On January 8, Tikvah Fund executive director Eric Cohen sat down to talk with George Weigel, Distinguished Senior Fellow and William E. Simon Chair in Catholic Studies at the Ethics and Public Policy Center in Washington, D.C.
Mr. Weigel is one of the country’s most prolific thinkers and writers about religion, ethics, and contemporary culture. His 17 books include a biography of Pope John Paul II and analyses of the “just war” doctrine and the challenges posed by modern jihadism; his most recent work examines evangelical Catholicism in the 21st century.
The Cohen-Weigel conversation gives a sense of the breadth of Mr. Weigel’s interests. It covers just war theory, which Mr. Weigel thinks is in “rather robust shape as an intellectual tradition” but, because of its uncertain reception in the mainline churches, is “not in such good shape” as a politically influential body of thought. The conversation also touches on Christian-Jewish relations, where Mr. Weigel thinks that for the first time in 2,000 years the two religions are able to transcend matters of historical misunderstanding and “reconvene” to talk about fundamental questions of faith. Finally, the conversation touches on the critical question facing modern Islam: whether it can draw on resources of its own to develop modern doctrines of religious tolerance and a separation between religious and political authorities.You can listen to the conversation here.
Jonathan Yudelman is 2013-2014 Tikvah Fellow. His article, “The Christian Theologian of Zion,” will appear in the February issue of First Things. The article explores the life and thought of Marcel Dubois, an important 20th century Catholic theologian in Israel. In the course of doing so, it raised issues about Jewish-Catholic relations generally:
Israel could not have hoped for as passionate an admirer as Fr. Marcel-Jacques Dubois, this most Israeli of traditionalist Catholic theologians, yet received at the same time almost as passionate a critic. His story and its theological legacy bring into sharp relief some of the permanent obstacles in Jewish–Christian relations.Read the full article here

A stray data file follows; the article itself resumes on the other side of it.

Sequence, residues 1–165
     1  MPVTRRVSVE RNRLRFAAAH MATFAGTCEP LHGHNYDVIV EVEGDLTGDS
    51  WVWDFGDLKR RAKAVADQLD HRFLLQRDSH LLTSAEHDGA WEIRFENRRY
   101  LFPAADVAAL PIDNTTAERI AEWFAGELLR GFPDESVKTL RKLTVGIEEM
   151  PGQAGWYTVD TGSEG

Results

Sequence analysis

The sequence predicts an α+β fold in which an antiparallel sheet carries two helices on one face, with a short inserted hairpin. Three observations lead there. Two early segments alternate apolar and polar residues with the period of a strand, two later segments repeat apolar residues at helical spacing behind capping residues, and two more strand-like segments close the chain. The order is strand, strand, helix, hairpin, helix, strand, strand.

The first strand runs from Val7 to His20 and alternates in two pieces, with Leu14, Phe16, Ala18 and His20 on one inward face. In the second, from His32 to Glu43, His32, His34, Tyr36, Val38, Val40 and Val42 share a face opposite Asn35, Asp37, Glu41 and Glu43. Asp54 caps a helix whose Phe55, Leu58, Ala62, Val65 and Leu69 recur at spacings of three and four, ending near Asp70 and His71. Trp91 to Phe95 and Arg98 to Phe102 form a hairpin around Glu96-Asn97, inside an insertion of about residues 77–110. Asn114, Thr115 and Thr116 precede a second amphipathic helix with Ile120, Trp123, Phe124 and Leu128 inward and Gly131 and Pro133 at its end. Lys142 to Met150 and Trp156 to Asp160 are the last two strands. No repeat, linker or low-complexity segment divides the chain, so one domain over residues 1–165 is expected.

Christmas was this week and God’s love is in the air. But do Christian sources and Jewish ones think of the love of God in overlapping or opposing ways? Renowned Harvard bible scholar and Tikvah faculty regular Jon Levenson is working on a new book on the love of God—what it means for God to love human beings and for human beings to love God. What is being commanded when a Jew is enjoined to love God “with all your heart, with all your soul, and with all your might.” Is passion an imperfection, unworthy of God? What is the “pretty dirty” love poem Shir haShirim (Song of Songs) doing in the Bible?
Professor Levenson sat down with Tikvah’s Director of University Programs Alan Rubenstein in Princeton last summer to discuss this profound subject. You can watch the 28 minute conversation here.Watch the full video here
Is there a philosophical or theological justification for the traditional Jewish doctrine of matrilineal descent? Meir Soloveichik, in an article published in Azure in 2005, makes the case that there is, drawing together phenomenological observations and rabbinical sources to illuminate the distinct dignity of mothers and fathers. Rabbi Soloveichik will be teaching in a Tikvah Advanced Institute this summer called The Future of the Family, alongside Eric Cohen, Gil Meilaender, Dara Horn, and others.Read Azure Article
The Hasidic group known both as Lubavitch, after a town in Russia, and as Chabad, an acronym for the three elements of human and divine intelligence, Chochma (wisdom), Bina (understanding), and Da’at (knowledge), is not just the most successful contemporary Hasidic sect. It might be the most successful Jewish religious movement of the second half […]Read More
One of the most remarkable things about the Jewish and Christian traditions is that they both revere figures who predated the central events of their redemptive histories. Both hold in high esteem the patriarchs of Genesis—Abraham, Isaac, and Jacob— even though these figures precede Moses or Jesus. The cases of Isaac and Jacob are complicated […]Read More
The transformations of Jewish life in the last two-and-a-half centuries still boggle the mind. Deep ruptures opened to separate the present from the past, modernity from tradition, setting terms that have defined the contours of Jewish life until today. How did people try to think their way through the change? That vital question is central […]Read More
The novelist Saul Bellow is fond of recalling a political incident from his youth. Saul, then an undergraduate at the University of Chicago, was, like so many of us in the 1930s, powerfully attracted to the ideologies of socialism, Marxism, Leninism and Trotskyism, as well as to the idea of “the Revolution.” He and a […]Read More
Throughout the ages, despite differences in culture and cuisine, Jewish kitchens around the world shared a commitment to kashrut—the classical rules regulating the Jewish diet. This religious lifestyle, known as “keeping kosher,” which is still observed in a great many Jewish homes today, encompasses a number of restrictions. Traditional Jews keep all meat and milk […]Read More
The biblical book of Genesis presents the story of how God’s new way for humankind finds its first adherent in a single individual—Abraham, a man out of Mesopotamia—and how that way survives through three generations in the troubled households of Abraham, his son Isaac, and his grandson Jacob, who is renamed Israel. By the end […]Read More
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